Basic Business Cents: Leaders need appreciation for system, knowledge of variation

The second component of leadership is appreciation for a system. We all work in a system and we need to make decisions with the benefit of the entire system in mind.

Lou Schultz
Lou Schultz

The second component of leadership is appreciation for a system. We all work in a system and we need to make decisions with the benefit of the entire system in mind.

A manager's role is to understand how the organization works as a system and to know when and how to optimize the system. Micro-management, improving one part of the organization at the expense of another, demanding results from people that the system is not capable of producing and automating faulty processes are examples of mistakes managers make when they do not understand the system of work.

The organization must have a well-defined process to:

n Recognize a system;

n Define it so others can recognize it;


n Analyze its behavior;

n Work with subordinates in improving the system;

n Measure the quality of the system;

n Develop improvements in the quality of the system;

n Measure the gains in quality, if any, and link these to customer delight;

n Take steps to guarantee holding the gains.

Product defects are rarely the fault of the worker; the process, established and controlled by management, is more likely to be at blame. Workers work in the system; management works on the system.

People are trying their best in the system they are given. They have an intrinsic desire to improve themselves. W. Edwards Deming really believed that people were doing their best and always concluded his four-day seminars by saying, "And now I leave you with five words: I have done my best."


Only about 20 percent of all problems are caused by workers. They are responsible for only a trivial small part of the problems. Management is responsible for 80 percent of the problems because they have the responsibility for changing and improving the processes. Deming, in his later years, stated that management was responsible for more like 94 percent of the problems.

Management is the major cause of waste, rework and untold losses.

Management must understand their system and how it works before they can make any recommendations for improvement.

The third component of leadership is knowledge of variation. Nothing is exactly the same. For example, if you bought a sack of nails and if examined under a microscope you would discover that there are minor differences between each nail.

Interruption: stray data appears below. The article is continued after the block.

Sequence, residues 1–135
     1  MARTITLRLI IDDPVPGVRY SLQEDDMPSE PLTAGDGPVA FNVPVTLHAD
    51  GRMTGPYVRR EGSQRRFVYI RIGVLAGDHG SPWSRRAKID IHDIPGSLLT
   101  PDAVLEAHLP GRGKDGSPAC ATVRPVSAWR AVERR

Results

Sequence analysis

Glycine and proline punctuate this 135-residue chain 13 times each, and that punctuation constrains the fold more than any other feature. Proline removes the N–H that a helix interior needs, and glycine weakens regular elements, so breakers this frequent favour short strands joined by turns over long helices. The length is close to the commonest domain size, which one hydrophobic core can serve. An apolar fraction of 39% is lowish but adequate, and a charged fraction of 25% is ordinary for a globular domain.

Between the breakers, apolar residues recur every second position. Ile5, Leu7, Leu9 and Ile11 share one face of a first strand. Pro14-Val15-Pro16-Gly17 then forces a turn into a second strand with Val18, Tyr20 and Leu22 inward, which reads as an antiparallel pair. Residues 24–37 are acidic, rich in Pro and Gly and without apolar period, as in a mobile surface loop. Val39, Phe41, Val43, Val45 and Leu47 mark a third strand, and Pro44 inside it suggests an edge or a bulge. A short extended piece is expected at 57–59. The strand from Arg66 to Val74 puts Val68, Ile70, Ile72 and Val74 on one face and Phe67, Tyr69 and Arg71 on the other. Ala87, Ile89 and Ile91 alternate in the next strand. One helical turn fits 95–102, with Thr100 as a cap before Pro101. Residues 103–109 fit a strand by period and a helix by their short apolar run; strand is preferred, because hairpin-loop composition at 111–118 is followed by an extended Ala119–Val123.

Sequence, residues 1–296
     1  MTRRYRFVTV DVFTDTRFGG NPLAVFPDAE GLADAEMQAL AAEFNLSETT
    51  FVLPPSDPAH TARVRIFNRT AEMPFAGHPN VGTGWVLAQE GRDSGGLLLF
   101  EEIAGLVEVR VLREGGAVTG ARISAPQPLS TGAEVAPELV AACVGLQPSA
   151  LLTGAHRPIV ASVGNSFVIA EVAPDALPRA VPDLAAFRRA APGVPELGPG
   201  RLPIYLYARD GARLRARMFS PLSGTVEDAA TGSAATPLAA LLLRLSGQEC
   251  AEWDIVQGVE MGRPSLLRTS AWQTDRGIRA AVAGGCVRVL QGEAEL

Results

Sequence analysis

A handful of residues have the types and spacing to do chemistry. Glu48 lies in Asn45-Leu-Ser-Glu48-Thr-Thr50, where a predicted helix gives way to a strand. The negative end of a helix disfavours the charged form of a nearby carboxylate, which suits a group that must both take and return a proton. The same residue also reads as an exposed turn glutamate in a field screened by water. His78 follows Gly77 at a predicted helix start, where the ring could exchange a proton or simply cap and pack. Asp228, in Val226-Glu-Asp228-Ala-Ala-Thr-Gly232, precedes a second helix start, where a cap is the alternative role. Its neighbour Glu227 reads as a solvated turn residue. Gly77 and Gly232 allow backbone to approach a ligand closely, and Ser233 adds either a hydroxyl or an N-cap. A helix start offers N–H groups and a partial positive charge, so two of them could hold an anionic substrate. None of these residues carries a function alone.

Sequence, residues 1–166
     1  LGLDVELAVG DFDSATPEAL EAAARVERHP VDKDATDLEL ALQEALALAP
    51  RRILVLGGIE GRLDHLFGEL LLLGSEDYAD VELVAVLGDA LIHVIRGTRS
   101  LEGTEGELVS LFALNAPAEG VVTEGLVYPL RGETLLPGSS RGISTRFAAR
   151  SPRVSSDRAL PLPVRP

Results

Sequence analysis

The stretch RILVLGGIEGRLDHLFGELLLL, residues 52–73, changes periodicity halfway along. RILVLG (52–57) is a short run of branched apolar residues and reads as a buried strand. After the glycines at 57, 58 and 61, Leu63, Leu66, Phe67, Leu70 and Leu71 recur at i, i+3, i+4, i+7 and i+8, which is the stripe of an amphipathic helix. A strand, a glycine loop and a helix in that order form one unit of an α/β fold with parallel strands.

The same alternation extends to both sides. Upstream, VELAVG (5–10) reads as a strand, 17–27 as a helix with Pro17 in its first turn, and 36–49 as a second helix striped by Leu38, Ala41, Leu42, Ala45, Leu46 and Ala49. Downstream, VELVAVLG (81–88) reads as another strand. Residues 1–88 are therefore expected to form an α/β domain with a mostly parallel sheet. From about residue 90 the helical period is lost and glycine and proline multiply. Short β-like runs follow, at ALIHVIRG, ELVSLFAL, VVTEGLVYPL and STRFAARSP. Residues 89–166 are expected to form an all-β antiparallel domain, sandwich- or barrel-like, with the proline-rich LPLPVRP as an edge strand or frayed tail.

Managers must have knowledge of variation, which exists in everything - systems, services, people and nature. Understanding what a system can do, and what it cannot do, depends on having statistical data and knowing how the data was obtained. The past is helpful to us only if it helps in the future, if it predicts. Management is prediction.

Deming gave lectures to top Japanese business leaders in the 1950s regarding the importance of management's understanding of statistical methods, which helped them attain a significant role in world trade.

There are no absolute truths, only data from measurement of observation. Deming used to use the example of our perception of the value of the speed of light to support this statement.

What was considered to be the absolute speed was changed several times over the years as we developed new ways to measure it.


He jokingly credited Galileo with saying that if the speed of light is not infinite, then it is awfully darned fast.

Like Walter Shewhart, Deming identified two ways to improve work processes; resolving "special" causes of variation and reducing "common" causes variation.

Managers must know the difference. Special causes of variation appear on a control chart as a point lying outside the calculated control limits or as other non-random patterns.

A manager should ask, "Is the process performing in a dependable, predictable way over time, with no evidence of assignable causes of variation?"

If the answer is no, the process is not stable, that is, there are sources of variation that are not part of the process. These are called special causes of variation, which must be identified and resolved before the process can become stable. The elimination of special causes is often the responsibility of someone working directly with the operation. Common causes, or problems with the overall system, are the responsibility of management. Common causes of variation are those inherent in a system.

Management's efforts to reduce variation must be unceasing and must be consistently communicated to the workers.

Louis Schultz is managing director of Process Management LLC.

He currently works with area business owners as a SCORE counselor. E-mail him with questions or comments at lou@process


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